Economy, Jobs and Business

Digital divide: internet access and the post-pandemic labour market

6 min


Filipe Lage De Sousa

Access to the internet is rising fast across the globe. But the majority of people in developing countries are still excluded from digital technologies, and very few have access to affordable high-speed internet. This column explores the implications for labor market outcomes and potential policy responses. On the demand side, educational programs to improve cognitive skills and digital literacy are key; while on the supply side, 5G technology provides an opportunity to achieve greater accessibility for all, including the most vulnerable and those in remote areas.

Big new challenges in the labor market arrived abruptly in 2020 when the Covid-19 pandemic affected economic activity on a large scale across the globe. Workers needed to adapt quickly to a new environment using digital technologies, which may become a permanent trend.

There is an expectation that these changes will promote productivity gains and eventually greater economic efficiency. Preliminary findings suggest that both outcomes may materialize: a higher percentage of work done through digital technologies; and productivity improvement.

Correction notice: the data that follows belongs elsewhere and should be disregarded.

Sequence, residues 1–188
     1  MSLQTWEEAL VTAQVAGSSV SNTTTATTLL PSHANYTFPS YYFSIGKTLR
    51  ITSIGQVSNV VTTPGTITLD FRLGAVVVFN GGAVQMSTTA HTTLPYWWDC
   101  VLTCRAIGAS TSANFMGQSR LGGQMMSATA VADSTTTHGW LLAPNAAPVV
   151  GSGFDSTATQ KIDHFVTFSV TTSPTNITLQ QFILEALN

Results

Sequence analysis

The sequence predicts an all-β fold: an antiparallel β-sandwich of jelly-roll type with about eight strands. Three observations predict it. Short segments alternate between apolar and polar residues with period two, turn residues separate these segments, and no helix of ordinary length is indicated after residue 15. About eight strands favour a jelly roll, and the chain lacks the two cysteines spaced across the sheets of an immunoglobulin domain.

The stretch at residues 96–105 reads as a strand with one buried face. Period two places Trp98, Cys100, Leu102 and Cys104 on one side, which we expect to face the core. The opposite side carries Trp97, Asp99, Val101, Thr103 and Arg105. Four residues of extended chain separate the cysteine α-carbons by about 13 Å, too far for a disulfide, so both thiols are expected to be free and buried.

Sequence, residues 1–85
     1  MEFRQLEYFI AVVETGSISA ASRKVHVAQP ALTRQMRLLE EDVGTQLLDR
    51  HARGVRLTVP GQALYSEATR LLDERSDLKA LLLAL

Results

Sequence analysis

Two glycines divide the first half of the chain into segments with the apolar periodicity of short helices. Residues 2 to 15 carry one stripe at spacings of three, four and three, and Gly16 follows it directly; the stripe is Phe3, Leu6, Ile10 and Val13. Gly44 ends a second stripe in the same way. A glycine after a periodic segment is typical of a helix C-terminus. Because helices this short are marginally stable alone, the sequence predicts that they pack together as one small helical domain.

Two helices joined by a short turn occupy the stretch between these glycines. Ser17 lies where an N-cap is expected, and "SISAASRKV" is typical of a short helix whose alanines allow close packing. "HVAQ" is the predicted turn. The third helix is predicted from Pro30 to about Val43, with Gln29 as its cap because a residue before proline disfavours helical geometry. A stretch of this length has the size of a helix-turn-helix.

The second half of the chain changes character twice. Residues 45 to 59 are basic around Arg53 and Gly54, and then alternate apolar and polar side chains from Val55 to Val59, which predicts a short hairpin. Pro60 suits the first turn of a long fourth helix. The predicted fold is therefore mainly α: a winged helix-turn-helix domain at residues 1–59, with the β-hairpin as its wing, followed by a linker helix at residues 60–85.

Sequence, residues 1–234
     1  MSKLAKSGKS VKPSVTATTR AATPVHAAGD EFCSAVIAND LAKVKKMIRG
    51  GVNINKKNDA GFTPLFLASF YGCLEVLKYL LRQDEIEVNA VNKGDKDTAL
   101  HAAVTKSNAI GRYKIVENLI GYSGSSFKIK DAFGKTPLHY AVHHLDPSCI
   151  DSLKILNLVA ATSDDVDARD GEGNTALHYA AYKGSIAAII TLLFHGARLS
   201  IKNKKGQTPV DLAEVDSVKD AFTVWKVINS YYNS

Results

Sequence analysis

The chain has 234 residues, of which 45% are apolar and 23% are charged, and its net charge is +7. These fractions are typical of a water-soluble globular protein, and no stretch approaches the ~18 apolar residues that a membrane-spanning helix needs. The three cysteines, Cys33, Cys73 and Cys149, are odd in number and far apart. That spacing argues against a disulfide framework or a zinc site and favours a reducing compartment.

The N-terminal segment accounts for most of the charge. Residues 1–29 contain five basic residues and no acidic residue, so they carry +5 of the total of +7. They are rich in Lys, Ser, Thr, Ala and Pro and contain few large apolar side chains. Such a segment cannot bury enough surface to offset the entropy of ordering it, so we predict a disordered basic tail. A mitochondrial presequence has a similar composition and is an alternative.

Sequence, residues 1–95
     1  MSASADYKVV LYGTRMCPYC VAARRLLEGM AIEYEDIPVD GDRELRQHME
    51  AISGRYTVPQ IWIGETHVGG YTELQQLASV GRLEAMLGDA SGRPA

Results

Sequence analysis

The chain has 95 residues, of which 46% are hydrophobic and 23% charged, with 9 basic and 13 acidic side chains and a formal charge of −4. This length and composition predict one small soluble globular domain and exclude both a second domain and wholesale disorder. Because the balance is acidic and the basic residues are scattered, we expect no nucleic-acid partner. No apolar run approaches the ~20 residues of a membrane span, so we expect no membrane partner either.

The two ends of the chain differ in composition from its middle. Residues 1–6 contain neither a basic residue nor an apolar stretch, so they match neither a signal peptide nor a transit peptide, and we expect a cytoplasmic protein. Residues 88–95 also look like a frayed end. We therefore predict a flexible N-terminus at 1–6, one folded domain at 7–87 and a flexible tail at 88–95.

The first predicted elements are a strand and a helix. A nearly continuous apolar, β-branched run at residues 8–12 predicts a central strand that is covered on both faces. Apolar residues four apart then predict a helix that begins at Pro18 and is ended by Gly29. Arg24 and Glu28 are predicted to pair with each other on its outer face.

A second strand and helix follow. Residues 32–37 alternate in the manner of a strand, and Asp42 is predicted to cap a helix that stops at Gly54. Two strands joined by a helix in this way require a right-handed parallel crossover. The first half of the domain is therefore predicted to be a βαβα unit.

But these changes might also widen social inequalities. As observed, for example, between children with access to remote learning and their less fortunate peers who did not have a device connected to the internet to follow online lessons.

In the labor market, there are already inequalities between internet users and non-users, and these may increase. Research indicates that better educated, well connected, and more capable workers have received most of the benefits of greater use of digital technologies. Understanding and measuring the wage gap between those using and not using the internet is at the top of the agenda in the labor market.

For example, one study shows that Brazilians with internet access experienced 20% higher wages than those not yet connected to the international network. Expansion of the internet has gradually reduced the wage gap between workers connected to the internet and those still outside the global network, yet the difference persists. Other research findings suggest a wage gap due to the internet in other developing countries, varying from 18% in Mexico to 30% in Honduras.

The good news is that the percentage of people using the internet across the globe is rising. Four billion people were internet users in 2019, representing over half of the world’s population for the first time – as the chart below shows.

Source: ITU World Telecomunication/ICT Indicators Database.